Ben-Dahan’s argument was that the clause was inserted to prevent recalcitrant husbands who refuse to grant their wives a Jewish religious divorce, known as a get, from marrying again, which according to Jewish law he could do. The one more likely to suffer, he said, would be the woman, who cannot remarry or have a sexual relationship with another man until she receives her get.

Farber argues that the Orthodox monopoly over personal status was doing more harm than good, and that Ben-Dahan’s intentions will have the exact opposite effect. He said those couples who choose to marry privately have no incentive to seek a divorce in rabbinical courts, as they could be arrested while trying to receive a get. In other words, the law would undermine the very cause it was meant to uphold.

“If we want to get people to marry through the rabbinate, we shouldn't be doing it by holding a gun to their head, and threatening to put them in jail,” Farber said.

Various estimates put the number of alternative Israeli weddings taking place every year at 7,000, and there is widespread support for them: a poll earlier this year found that 66 percent of Israeli Jews and 74% of non-Haredi Israeli Jews support recognition of civil marriage and non-Orthodox marriages. Additionally, more than 67% of Israeli Jews support joint efforts between Israel and world Jewry for freedom of marriage in Israel.

Farber explained that for his group and others fighting for a wider acceptance of Jewish options in religious life – like Hiddush, Tzohar and Mavoi Satum – the Tzohar law was not the biggest achievement of the 19th Knesset.

“We had a lot of accomplishments in the past Knesset, the first being the Conversion bill,” he said, referring to a cabinet decision to allow municipal chief rabbis to perform conversions. That decision widens access to the conversion system for non-Jewish immigrants from the former Soviet Union, and allows the implementation of more liberal attitudes toward their conversion within the Orthodox world, including the conversion of minors.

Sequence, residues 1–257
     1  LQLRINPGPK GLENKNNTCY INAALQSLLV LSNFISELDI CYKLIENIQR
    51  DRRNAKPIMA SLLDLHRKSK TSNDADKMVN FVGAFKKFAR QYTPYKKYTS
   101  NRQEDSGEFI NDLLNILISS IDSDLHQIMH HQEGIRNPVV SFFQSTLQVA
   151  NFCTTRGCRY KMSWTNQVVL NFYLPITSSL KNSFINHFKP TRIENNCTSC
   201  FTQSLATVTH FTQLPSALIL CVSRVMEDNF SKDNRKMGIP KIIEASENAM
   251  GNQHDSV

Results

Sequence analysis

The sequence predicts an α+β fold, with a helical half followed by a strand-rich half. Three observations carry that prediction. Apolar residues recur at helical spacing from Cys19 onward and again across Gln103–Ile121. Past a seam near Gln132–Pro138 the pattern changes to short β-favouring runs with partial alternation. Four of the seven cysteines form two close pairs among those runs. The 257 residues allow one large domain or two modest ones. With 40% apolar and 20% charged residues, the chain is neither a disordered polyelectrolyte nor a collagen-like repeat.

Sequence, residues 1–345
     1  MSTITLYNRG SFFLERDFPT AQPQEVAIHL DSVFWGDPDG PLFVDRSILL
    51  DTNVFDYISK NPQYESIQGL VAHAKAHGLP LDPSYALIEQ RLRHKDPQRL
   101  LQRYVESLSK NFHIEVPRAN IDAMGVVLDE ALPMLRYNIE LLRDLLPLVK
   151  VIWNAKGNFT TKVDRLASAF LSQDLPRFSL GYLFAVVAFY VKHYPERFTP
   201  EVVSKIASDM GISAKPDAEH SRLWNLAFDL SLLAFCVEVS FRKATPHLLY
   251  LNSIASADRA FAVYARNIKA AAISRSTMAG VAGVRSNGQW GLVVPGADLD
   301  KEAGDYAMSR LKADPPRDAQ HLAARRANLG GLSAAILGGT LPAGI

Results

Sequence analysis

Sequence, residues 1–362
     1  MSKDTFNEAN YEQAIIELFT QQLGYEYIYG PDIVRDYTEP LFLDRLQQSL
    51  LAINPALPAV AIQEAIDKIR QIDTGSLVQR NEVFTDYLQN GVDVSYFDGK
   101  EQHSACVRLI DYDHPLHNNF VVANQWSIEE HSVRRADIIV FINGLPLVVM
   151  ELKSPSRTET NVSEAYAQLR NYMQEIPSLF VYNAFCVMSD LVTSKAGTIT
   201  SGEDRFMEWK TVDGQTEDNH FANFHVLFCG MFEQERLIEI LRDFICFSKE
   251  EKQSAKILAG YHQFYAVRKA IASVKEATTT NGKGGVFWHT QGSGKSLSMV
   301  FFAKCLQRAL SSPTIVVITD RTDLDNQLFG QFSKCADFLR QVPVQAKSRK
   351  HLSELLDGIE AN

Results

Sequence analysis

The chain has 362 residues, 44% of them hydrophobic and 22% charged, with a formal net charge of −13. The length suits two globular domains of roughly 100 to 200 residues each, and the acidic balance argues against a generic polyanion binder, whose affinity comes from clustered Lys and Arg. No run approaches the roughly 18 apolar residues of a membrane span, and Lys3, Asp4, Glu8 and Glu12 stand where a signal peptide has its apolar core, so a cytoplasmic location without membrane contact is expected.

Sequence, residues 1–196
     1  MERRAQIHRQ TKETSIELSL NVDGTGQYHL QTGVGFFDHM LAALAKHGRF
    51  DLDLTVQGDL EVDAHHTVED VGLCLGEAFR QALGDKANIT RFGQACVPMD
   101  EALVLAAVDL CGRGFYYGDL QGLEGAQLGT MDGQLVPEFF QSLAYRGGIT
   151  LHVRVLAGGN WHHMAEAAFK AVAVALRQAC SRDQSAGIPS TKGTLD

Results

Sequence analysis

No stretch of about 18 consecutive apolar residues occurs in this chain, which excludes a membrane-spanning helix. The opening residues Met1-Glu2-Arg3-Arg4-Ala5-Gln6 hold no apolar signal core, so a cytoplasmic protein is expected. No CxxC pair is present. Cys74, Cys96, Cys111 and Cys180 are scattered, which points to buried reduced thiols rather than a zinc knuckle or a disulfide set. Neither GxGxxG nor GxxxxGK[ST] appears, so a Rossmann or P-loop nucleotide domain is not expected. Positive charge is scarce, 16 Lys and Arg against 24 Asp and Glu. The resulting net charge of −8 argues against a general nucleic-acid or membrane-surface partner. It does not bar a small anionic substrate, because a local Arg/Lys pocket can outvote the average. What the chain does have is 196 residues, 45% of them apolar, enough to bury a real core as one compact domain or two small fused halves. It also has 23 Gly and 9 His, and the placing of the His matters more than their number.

Although that law passed only as a government order and not full-fledged legislation, it was an important first step.

“The Tzohar law didn’t fundamentally change any power structure,” Farber said. “The Conversion law was the first legislation since 1971 that fundamentally changed the power structure in Israel, that took power away from the rabbinate. That made a very very big difference. It was a great accomplishment.”

Farber is buoyed up over the active support being given by North American Jewry. Two weeks ago, a new organization called J-Rec (Jewish Religious Equality Coalition) met for 3½ hours to formulate a working strategy to impact Israeli law.

Formed by the American Jewish Committee, it is made up of leaders of the Conservative, Reform and Reconstructionist movements, several liberal Orthodox groups, and the National Council of Jewish Women, New Israel Fund, and National Policy Forum.

Their aim is to persuade Israeli leaders that Jerusalem is on the verge of losing support from the next generation of American Jews – 90 percent of whom are non-Orthodox – if the Orthodox monopoly continues; and that the very future of Israel’s relationship with world Jewry is in danger if the Chief Rabbinate continues to maintain sole monopoly over matters of personal status like marriage, divorce and conversion.

The Jewish Federations of North America has begun its own effort, called iRep (Israel Religious Expression Platform) to promote freedom of choice in Israel, and may join forces with the coalition in the future.

“I am encouraged by the fact that American Jewish organizations are investing time and resources in the future of Jewish Israel,” said Farber, “because it helps the fight for personal-status issues not only for citizens in Israel, but it affects the Jewish people as a whole.”

He is worried about what happens next, what kind of coalition will be formed after the next elections, and what efforts will be made to roll back legislation.

“Everything is possible,” said Farber. “It really depends on how people vote, how the government is constructed. Right now everyone in playing roulette. Should the next government shape up in a way that is positive, then we have a lot of momentum going in our direction. Should it go the other direction, then we will have less.”

Elections for the 20th Knesset are set for March 17.